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FROM THE EDITOR

The image of the "yes-man" in our society is not a good one. The fawning second in command is regularly caricatured in New Yorker magazine cartoons and Hollywood movies. So strong is our abhorrence of this conniving flatterer that almost any kind of obedience or submission is looked down on as unbecoming a real mall or a modern woman.

In a Marlboro-man world, our individual freedom to respond to that "something deep inside you" (which may tell you to quit your job and start a charter fishing boat business) is one of the most cherished values of American civil religion. To give up that independence by willingly or unwillingly submitting to another person rankles us.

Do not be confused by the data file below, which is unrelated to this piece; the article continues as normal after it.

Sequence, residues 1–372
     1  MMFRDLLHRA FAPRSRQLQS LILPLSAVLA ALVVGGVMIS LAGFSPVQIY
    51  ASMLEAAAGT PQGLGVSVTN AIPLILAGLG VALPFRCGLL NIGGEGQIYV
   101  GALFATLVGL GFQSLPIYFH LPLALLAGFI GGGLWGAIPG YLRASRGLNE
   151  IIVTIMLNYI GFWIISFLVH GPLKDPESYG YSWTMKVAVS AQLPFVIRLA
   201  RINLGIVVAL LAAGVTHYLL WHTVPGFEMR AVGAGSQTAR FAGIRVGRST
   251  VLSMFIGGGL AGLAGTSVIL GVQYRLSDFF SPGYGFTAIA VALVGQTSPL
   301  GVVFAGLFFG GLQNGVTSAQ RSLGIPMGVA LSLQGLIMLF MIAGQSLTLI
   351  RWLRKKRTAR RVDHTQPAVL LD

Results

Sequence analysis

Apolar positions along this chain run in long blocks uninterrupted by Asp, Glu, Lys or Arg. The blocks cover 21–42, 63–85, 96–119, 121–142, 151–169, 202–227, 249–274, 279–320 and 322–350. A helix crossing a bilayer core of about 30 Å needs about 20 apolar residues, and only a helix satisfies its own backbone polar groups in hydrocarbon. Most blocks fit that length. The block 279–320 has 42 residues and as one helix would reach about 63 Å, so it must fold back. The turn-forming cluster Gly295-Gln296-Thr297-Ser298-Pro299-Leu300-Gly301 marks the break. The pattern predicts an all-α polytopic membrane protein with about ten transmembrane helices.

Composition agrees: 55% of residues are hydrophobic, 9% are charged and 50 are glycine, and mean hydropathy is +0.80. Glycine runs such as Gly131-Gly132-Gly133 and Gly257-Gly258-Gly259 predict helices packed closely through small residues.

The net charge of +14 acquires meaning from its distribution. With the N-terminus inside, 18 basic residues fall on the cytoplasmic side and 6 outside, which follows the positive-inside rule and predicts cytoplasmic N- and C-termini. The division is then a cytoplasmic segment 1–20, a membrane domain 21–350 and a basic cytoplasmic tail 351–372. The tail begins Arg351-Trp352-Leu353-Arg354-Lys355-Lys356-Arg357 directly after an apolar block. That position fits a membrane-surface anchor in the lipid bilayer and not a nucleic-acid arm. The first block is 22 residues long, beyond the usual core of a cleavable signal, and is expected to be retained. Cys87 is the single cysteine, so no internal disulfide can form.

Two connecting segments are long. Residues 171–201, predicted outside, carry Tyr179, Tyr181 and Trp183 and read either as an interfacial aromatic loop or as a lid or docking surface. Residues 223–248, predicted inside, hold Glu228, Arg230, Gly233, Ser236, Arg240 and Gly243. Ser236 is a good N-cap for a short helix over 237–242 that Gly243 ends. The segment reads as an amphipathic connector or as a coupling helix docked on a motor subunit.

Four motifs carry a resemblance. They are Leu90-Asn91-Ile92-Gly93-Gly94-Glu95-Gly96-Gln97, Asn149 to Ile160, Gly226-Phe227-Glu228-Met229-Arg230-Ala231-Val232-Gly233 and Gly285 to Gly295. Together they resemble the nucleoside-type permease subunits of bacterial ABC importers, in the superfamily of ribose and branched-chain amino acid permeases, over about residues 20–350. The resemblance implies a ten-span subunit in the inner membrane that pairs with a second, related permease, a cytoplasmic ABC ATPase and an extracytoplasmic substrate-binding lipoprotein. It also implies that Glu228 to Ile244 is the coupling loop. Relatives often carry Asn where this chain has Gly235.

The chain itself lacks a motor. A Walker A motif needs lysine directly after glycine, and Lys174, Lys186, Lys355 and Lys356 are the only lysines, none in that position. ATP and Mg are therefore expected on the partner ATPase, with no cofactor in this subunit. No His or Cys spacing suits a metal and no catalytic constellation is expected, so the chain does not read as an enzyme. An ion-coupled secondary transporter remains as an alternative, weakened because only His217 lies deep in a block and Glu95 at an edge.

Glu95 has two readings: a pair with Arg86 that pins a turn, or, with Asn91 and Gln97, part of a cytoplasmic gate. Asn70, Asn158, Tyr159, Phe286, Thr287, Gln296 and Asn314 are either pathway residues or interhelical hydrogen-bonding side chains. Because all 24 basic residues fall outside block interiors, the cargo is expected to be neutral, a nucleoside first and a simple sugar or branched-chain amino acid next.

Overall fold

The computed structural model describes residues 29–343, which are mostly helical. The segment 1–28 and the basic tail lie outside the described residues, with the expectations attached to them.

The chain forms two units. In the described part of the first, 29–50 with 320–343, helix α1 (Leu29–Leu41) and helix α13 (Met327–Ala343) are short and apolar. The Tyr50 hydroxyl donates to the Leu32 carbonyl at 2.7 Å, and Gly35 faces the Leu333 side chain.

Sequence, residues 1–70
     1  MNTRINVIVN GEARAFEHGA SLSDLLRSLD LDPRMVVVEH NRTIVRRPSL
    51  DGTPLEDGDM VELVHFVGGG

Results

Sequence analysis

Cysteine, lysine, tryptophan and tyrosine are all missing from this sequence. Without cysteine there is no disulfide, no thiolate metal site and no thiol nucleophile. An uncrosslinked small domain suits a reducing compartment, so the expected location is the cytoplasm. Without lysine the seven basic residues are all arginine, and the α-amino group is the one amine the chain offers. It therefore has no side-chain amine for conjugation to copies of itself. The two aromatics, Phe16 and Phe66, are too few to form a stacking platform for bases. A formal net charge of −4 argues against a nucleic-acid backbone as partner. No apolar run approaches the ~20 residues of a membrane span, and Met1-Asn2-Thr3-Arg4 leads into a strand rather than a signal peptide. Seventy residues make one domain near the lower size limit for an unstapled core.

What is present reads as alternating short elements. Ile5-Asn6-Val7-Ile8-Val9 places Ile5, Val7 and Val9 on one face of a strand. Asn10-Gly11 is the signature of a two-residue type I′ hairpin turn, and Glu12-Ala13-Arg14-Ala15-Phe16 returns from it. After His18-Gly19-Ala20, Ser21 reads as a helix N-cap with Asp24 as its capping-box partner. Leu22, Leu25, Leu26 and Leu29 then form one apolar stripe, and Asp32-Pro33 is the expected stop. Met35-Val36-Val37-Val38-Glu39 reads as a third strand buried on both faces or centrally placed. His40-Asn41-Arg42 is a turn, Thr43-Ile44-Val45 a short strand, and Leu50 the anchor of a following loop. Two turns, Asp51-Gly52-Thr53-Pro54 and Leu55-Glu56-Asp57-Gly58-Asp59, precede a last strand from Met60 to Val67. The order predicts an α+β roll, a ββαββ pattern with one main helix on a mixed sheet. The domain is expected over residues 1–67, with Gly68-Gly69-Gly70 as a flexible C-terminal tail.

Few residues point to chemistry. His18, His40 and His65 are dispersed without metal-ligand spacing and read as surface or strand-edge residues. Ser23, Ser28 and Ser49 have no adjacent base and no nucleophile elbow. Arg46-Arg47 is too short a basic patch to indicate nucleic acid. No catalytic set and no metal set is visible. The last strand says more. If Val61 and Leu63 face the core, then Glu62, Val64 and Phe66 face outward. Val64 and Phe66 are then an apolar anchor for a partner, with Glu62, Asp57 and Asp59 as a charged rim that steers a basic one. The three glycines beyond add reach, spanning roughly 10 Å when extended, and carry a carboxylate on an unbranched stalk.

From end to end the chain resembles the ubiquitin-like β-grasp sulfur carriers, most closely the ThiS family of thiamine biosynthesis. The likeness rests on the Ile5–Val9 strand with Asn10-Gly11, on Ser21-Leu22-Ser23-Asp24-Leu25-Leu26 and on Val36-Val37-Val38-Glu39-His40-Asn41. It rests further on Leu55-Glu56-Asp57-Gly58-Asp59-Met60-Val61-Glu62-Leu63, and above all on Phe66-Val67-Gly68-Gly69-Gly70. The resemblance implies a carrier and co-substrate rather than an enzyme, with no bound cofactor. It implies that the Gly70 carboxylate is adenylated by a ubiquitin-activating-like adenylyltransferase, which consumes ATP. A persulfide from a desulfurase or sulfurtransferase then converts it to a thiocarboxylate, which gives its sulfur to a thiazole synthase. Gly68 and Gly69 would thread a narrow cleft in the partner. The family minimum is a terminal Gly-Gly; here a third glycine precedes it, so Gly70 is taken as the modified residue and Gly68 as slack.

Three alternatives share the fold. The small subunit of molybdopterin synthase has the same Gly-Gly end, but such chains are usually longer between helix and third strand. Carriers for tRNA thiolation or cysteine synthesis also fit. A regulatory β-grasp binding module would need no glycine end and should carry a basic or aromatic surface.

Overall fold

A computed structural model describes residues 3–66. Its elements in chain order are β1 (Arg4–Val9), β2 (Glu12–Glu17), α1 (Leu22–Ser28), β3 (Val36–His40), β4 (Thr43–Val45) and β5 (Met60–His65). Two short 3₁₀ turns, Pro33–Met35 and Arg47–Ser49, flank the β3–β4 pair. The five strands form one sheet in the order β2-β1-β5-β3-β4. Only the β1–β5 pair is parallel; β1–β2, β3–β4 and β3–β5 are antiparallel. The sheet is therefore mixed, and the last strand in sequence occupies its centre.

The roots of this independence are deep. The frontier image of cheating starvation and death by doing everything for oneself still thrives as a cultural archetype. The all-men-are-created-equal assurances of our constitution have been stretched far beyond their original intent as broad guidelines for lawmakers and have become ...

From Issue:Spring 1986: Worship
May/June
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